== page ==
John Oliver gave a master class in the importance of understanding America’s true racial history and cited Laura Ingraham and Tucker Carlson as two of the worst misinformers.
The entire 28-minute monologue is worth watching, probably more than once. But the crux was Oliver’s statement that a distorted view of history is “definitely more palatable, especially for white people, and seeking out misleadingly comforting versions of history is a pattern that we’ve seen again and again this year.”
Oliver named Carlson as “perhaps the most absurd disconnect” when he smeared President Obama’s eulogy for Rep. John Lewis, calling Obama a “greasy politician” who threw out “stupid partisan talking points” by advocating for abolishing the filibuster. “Desecrating a funeral with campaign slogans, what kind of person would do that?” Carlson sneered.
“What kind of person would honor a friend’s legacy by continuing to advocate for voting rights?” Oliver responded. “You know what? I can think of one: John F***ing Lewis would do that.”
That was a launching point for Oliver to discuss the history of race in the U.S. and the need to fill in the gaps left by how it’s taught in schools.
The teaching about the Civil War and race “has always been political,” Oliver said. He gave examples of schools downplaying the horrors of slavery. The result is that many teachers “may have grown up learning the same skewed version of history that they are now passing on,” he added.
Oliver went on to cite three big mistakes in the teaching of history. The first is not fully acknowledging the history of white supremacy. “I know that any time someone suggests telling children anything less than Jesus would have been best friends with Abraham Lincoln, the pushback is fierce,” Oliver said. Case in point: Ingraham
OLIVER: Watch Laura Ingraham take one school board’s discussion of an anti-racist curriculum and spin it out into a dystopian vision designed to terrify her viewers.
INGRAHAM: Now, every subject, every extracurricular activity will be perverted to turn your kids into mini-Ilhan Omars. They’re going to learn that capitalism is racist. History, as conventionally taught, is racist. Literature – most of that’s racist. Patriotic songs, racist. And the Declaration and the Constitution – of course, they’re racist. Are you sensing a theme here?
Now, Laura Ingraham might not seem like someone capable of following anything apart from Black teenagers simply trying to shop at CVS, but I think she actually has picked up on a thing there because, seeing as she brought up the Constitution, let’s talk about it because that document is a lot of things genuinely revolutionary, and the foundation of an improbably long-lived democracy, but it’s also infused with and inextricably linked to slavery and a legacy of racial inequality. From the Three-Fifths Clause through the Fugitive Slave Clause, the Constitution both codified slavery and made it harder for individuals to escape it and the fact the Constitution is infused with racism does not mean it’s cancelled. It’s not a YouTuber who’s just now realizing it was wrong to do blackface for 14 years and it definitely doesn’t mean that kids shouldn’t learn about it, but they should be taught to see it as an imperfect document with imperfect authors who both extolled the ideals of freedom for all while, at the same time, codifying slavery and that is possible to do.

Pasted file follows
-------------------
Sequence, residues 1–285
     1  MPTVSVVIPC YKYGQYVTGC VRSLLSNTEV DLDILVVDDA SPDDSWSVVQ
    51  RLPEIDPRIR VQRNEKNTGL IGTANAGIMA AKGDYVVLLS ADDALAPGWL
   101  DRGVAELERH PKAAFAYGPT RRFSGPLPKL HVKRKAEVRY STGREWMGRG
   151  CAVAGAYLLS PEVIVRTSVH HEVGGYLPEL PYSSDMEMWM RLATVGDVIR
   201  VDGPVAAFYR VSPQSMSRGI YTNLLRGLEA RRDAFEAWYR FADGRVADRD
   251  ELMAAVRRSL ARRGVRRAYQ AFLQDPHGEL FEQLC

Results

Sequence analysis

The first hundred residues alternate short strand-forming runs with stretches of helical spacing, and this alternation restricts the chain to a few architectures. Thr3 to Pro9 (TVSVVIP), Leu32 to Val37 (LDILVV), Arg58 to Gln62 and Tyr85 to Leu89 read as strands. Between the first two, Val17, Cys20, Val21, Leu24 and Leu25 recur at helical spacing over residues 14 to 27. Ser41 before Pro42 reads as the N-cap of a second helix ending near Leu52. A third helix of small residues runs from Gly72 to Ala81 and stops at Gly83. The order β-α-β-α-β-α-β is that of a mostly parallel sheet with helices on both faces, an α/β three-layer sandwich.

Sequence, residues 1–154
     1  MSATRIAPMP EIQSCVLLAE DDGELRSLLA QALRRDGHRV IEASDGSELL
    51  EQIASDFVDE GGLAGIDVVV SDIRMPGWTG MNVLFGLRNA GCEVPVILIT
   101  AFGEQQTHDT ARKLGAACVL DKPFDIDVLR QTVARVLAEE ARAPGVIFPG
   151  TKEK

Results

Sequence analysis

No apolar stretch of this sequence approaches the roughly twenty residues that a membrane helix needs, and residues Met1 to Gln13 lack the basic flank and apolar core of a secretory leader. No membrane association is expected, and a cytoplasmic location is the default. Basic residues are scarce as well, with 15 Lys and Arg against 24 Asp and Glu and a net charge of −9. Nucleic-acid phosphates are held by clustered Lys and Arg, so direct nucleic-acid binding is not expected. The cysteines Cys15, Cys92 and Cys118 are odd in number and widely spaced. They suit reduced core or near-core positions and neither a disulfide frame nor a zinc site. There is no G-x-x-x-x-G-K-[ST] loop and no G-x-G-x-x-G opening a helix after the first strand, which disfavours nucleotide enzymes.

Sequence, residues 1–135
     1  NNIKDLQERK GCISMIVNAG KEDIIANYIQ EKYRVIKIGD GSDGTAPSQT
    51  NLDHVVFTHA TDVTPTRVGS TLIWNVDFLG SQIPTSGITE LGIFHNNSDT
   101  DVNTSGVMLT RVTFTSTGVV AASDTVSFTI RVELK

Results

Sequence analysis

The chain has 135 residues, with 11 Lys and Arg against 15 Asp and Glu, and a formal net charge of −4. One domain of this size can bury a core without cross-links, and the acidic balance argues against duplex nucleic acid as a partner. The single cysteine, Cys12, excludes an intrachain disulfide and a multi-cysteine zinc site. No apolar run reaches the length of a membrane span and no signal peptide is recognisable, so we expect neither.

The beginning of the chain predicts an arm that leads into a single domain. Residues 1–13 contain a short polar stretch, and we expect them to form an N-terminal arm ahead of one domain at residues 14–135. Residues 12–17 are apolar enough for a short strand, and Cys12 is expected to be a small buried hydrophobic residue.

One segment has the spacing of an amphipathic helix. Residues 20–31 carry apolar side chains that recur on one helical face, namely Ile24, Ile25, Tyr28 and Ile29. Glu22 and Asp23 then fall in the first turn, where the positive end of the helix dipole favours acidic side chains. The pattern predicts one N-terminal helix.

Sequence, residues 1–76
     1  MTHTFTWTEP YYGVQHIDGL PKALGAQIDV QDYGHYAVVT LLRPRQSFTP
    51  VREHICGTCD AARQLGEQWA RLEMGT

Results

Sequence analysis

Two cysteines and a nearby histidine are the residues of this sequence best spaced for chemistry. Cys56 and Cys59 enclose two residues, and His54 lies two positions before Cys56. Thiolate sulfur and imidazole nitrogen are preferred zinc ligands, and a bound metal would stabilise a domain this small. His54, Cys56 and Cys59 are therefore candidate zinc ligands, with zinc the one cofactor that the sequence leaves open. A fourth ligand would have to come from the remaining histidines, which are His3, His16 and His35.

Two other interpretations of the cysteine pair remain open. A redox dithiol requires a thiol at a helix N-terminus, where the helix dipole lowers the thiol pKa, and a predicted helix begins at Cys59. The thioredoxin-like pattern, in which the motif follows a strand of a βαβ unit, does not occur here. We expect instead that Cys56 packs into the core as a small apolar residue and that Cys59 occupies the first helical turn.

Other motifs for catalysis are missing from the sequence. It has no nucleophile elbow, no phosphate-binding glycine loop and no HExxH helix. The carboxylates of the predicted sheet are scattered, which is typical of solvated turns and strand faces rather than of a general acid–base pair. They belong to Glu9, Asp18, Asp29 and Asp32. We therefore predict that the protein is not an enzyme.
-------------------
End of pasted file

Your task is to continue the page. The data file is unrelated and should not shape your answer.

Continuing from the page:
Kids can understand that things can be racist and also other things.
Oliver called the second big mistake the myth that race relations have been on “a smooth, steady upward arc.” Often glossed over is the “white hostility and ugly backsliding” after the Civil War and before the civil rights movement, he said.
“The Laura Ingrahams of the world” probably think Martin Luther King’s dream came true, Oliver said, then explained how it hasn’t.
OLIVER: It turns out that Martin Luther King had more than one dream and one of them was about wealth redistribution. … The truth is the civil rights movement was longer, messier, more radical and, crucially, was thwarted in more of its aims than many of us were taught in school.
And that led Oliver to what he sees as the third mistake in teaching history:
OLIVER: We don’t connect the dots to the present … black/white wage and wealth gaps, they are both larger now than they were when King gave that speech and our housing and education systems, even in liberal cities like New York and L.A. are still shamefully segregated.
The truth is, you can draw a straight line from the post-Civil War return of plantation land to former Confederates through the massive transfers of land by the Homestead Act, mostly to white individuals, through the growth of the suburbs in the 20th Century, where redlining kept Black people from moving into white neighborhoods throughout the country.
One of the problems with the way that we teach history is that too often, it sort of trails off after the civil rights movement and when you skip over the past half-century, you don’t get to see the process by which white supremacy, instead of disappearing, merely adapted.
While it might seem obvious, history isn’t over yet. It’s still being written and you know who understood that? John Lewis.
There's a lot more in this that I didn't have the time to go into. So watch it below, from the August 2, 2020 Last Week Tonight with John Oliver. In my view, it’s as much a masterpiece about race and as masterful a Lewis eulogy as Obama’s.